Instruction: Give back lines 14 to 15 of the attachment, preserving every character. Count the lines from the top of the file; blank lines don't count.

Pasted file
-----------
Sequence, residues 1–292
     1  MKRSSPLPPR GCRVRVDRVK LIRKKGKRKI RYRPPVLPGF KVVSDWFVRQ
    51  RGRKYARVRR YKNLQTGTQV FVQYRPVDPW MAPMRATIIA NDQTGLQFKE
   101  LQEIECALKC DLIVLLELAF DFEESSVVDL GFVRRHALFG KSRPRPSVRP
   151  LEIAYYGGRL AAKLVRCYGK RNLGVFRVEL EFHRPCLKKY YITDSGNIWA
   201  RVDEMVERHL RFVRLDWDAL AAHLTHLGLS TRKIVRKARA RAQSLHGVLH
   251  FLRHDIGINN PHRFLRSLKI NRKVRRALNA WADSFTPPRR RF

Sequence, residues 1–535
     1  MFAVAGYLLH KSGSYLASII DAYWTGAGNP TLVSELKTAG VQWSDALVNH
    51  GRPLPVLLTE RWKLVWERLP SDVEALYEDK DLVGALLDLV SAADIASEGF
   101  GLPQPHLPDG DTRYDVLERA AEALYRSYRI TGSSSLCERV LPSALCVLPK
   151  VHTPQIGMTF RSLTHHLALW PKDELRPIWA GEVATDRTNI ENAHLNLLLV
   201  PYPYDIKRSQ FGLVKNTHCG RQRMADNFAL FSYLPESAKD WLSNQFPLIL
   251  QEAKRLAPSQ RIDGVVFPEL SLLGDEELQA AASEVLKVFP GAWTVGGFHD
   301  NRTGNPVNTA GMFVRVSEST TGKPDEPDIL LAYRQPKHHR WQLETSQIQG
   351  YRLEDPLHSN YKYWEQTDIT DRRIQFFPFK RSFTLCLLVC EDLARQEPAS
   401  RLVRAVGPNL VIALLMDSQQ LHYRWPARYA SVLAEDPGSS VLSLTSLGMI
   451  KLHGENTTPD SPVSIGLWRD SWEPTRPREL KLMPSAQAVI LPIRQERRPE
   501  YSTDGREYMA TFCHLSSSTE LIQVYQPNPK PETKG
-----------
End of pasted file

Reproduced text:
   251  QEAKRLAPSQ RIDGVVFPEL SLLGDEELQA AASEVLKVFP GAWTVGGFHD
   301  NRTGNPVNTA GMFVRVSEST TGKPDEPDIL LAYRQPKHHR WQLETSQIQG